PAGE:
Is social exclusion simply subconscious ignorance?

by Emma

Having a disability can induce social exclusion, even from a positive place. The perspective of someone being ‘different’ can segregate them from society and alienate their own social needs and normality.

A wheelchair doesn’t change how someone feels or thinks. A walking aid does not make them need friends any less. It doesn’t replace the excitement of doing, and the contentment of belonging.

Often people find that it’s easier to consider disability as a separate entity, and even with the best will and compassion, this can prove a negative experience. There are limitations, there are differences, but these simply need accepting and not always highlighting.

That kid sat alone under the shelter in his wheelchair whilst his peers jump about in the rain? The girl left at the bottom of a staircase whilst her friends enjoy the delights above? Always waiting by the side of the fairground ride whilst they hear the laughter and fun of their peers? Watching their friends horse ride and jump on trampolines? Just one simple change of action or decision could diminish that feeling of loneliness and exclusion.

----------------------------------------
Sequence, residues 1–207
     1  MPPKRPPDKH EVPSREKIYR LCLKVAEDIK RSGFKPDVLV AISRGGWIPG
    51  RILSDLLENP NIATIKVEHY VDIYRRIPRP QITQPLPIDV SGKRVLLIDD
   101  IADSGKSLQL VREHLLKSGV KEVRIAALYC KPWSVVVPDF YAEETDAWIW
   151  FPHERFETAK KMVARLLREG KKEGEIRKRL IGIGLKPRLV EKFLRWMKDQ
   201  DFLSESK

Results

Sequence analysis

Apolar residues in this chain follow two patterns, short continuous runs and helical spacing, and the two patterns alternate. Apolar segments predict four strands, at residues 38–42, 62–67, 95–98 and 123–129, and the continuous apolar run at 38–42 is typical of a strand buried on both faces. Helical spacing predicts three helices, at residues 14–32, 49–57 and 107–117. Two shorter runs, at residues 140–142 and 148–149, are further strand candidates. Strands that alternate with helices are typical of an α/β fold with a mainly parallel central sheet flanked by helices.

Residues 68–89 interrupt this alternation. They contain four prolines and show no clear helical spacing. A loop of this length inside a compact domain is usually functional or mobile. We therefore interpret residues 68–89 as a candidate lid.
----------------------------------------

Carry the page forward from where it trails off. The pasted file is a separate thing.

We can’t change the disability, but we can change our reaction to it!